When the current band practice field ceases to be functional in the construction process will affect the availability of not only band staff members, but also students themselves. The marching band schedule is created each year before the season starts and usually contains minimal changes throughout the season regarding practices. With this development, Baker will have to change the current marching band schedule to fit with the times members can use the stadium or a lined field, which, in turn, will affect the number of members at each practice.

“The practice field’s been an ongoing issue this year because of all the construction, part of what’s been really hard for us as Boosters is not knowing a time frame. And not knowing where the band is going to get put when the practice field gets taken away. We’re told that the timing of that will happen at the beginning of October, which is marching band’s business time. So for us, it is a little frustrating and a little hard to deal with because we don’t know exactly what’s coming at us. We don’t know what’s going to happen,” Shannon Sylvester, Band Booster President said.

The Band Boosters have struggled to help the marching band rearrange their practice schedules in light of the upcoming move. Band Booster parent and council member Susan Love knows firsthand how difficult the rearranging is.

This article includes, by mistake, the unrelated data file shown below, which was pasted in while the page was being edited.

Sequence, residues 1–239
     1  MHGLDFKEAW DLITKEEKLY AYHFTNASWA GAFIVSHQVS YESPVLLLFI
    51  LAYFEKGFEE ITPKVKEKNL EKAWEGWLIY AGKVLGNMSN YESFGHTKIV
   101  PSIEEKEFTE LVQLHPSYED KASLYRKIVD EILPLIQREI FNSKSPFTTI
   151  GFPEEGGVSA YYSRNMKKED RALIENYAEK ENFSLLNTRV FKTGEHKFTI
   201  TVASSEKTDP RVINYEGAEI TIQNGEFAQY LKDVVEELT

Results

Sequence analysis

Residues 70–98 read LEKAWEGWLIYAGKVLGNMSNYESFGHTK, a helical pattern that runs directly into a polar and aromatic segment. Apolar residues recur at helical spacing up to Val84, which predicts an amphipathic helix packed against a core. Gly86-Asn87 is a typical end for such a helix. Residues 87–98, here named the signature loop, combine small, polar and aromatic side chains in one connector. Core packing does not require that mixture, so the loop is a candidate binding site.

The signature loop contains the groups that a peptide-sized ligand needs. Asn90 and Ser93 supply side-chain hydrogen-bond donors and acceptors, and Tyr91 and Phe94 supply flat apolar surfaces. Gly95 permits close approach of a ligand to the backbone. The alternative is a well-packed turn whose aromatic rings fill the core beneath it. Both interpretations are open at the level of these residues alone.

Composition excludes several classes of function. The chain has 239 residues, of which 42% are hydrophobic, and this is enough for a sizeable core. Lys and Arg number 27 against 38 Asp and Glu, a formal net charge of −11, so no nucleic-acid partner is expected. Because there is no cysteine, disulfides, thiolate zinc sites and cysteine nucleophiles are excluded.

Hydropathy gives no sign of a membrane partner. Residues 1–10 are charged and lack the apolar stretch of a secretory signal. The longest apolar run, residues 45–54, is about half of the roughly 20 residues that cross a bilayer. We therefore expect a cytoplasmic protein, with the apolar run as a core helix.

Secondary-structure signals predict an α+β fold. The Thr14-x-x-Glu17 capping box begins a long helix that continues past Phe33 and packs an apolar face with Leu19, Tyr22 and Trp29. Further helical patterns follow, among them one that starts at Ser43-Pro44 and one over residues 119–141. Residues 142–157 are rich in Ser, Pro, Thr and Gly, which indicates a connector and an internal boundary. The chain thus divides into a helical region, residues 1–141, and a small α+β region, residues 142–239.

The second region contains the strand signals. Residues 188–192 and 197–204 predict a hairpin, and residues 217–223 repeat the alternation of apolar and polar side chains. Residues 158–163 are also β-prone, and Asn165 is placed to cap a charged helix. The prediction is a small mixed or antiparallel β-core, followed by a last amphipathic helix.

“One of our biggest roles is to support Baker and [assistant band director] Hopkins in everything they do. They’re working on the fly now. So we’re changing our schedule weekly, daily, sometimes. We’re all scrambling to try and do what we can to support [them],” Love said.

It feels like it’s out of our hands.”

— Shannon Sylvester, Band Booster President

And the rearranging is now affecting the student band members.

“We already practice several days a week. But what’s happening, especially with the colorguard, is now they’re practicing almost every day and the one day that wasn’t a practice day really ever was Wednesdays. Now we’re having to practice on Wednesdays. That’s when they plan on going to church, going to a lesson and studying. So it’s putting a lot of stress, not just on the band directors, but I think on the kids as well and the parents,” Love said.

“It feels like it’s out of our hands,” Sylvester said.

“As band parents, it’s hard for us because our kids are upset. Our kids get frustrated and stressed out. And from day to day, they don’t know what’s going on. There seems to be nothing any of us can do about it,” Love said.